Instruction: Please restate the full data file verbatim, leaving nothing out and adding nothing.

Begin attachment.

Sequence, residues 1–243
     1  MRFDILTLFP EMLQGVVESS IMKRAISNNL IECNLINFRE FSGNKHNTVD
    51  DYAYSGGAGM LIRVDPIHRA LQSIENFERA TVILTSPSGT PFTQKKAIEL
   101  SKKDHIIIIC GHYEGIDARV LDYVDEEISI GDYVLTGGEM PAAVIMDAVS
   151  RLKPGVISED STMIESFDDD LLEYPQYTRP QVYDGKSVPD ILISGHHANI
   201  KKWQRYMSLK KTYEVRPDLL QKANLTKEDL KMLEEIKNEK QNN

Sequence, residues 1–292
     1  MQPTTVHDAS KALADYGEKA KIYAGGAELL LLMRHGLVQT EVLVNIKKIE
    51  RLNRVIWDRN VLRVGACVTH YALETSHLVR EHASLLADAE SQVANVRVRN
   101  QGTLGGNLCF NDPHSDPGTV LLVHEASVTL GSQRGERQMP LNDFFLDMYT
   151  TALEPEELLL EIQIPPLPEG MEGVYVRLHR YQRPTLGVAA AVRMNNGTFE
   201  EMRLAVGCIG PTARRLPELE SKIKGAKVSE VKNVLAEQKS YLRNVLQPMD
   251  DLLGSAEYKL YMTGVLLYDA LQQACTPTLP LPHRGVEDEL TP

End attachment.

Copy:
Sequence, residues 1–243
     1  MRFDILTLFP EMLQGVVESS IMKRAISNNL IECNLINFRE FSGNKHNTVD
    51  DYAYSGGAGM LIRVDPIHRA LQSIENFERA TVILTSPSGT PFTQKKAIEL
   101  SKKDHIIIIC GHYEGIDARV LDYVDEEISI GDYVLTGGEM PAAVIMDAVS
   151  RLKPGVISED STMIESFDDD LLEYPQYTRP QVYDGKSVPD ILISGHHANI
   201  KKWQRYMSLK KTYEVRPDLL QKANLTKEDL KMLEEIKNEK QNN

Sequence, residues 1–292
     1  MQPTTVHDAS KALADYGEKA KIYAGGAELL LLMRHGLVQT EVLVNIKKIE
    51  RLNRVIWDRN VLRVGACVTH YALETSHLVR EHASLLADAE SQVANVRVRN
   101  QGTLGGNLCF NDPHSDPGTV LLVHEASVTL GSQRGERQMP LNDFFLDMYT
   151  TALEPEELLL EIQIPPLPEG MEGVYVRLHR YQRPTLGVAA AVRMNNGTFE
   201  EMRLAVGCIG PTARRLPELE SKIKGAKVSE VKNVLAEQKS YLRNVLQPMD
   251  DLLGSAEYKL YMTGVLLYDA LQQACTPTLP LPHRGVEDEL TP